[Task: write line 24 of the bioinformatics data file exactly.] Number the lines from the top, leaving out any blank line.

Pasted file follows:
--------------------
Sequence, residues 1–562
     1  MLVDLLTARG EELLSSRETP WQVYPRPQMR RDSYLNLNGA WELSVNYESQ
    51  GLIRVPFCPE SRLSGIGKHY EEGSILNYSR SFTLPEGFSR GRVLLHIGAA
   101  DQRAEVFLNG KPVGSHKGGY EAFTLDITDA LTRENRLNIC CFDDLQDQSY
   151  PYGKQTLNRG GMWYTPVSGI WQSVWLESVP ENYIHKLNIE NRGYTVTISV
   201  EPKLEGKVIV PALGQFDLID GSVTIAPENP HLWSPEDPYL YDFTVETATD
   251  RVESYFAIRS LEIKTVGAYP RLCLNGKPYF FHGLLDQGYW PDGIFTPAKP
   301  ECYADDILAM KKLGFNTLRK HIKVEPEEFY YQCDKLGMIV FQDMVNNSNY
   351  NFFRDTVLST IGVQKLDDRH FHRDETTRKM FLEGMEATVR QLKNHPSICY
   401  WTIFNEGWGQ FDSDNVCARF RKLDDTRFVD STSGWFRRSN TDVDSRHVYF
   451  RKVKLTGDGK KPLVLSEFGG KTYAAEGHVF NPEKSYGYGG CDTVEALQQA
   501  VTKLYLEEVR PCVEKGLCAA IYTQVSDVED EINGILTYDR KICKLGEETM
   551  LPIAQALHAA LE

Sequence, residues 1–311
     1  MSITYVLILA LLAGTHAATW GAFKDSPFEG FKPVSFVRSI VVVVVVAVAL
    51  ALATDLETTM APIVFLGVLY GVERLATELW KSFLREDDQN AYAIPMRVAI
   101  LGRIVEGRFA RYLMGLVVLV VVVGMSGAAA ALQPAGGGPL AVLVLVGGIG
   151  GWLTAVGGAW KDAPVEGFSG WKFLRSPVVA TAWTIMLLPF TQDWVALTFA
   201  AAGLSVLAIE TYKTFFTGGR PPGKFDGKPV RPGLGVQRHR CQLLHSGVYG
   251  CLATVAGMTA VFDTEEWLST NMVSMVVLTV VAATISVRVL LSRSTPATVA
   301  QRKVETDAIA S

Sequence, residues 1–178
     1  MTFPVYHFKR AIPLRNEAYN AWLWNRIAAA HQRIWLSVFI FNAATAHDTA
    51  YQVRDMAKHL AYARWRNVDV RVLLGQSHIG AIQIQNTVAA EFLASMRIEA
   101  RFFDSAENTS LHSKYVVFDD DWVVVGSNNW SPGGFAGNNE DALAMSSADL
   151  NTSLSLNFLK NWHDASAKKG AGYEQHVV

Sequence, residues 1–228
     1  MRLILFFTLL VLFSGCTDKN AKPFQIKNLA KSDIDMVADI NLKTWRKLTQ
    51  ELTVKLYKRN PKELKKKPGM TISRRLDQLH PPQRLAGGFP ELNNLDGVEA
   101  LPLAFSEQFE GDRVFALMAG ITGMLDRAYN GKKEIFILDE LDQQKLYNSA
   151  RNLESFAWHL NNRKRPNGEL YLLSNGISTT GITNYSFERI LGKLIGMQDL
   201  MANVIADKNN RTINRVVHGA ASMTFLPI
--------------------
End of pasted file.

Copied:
    51  YQVRDMAKHL AYARWRNVDV RVLLGQSHIG AIQIQNTVAA EFLASMRIEA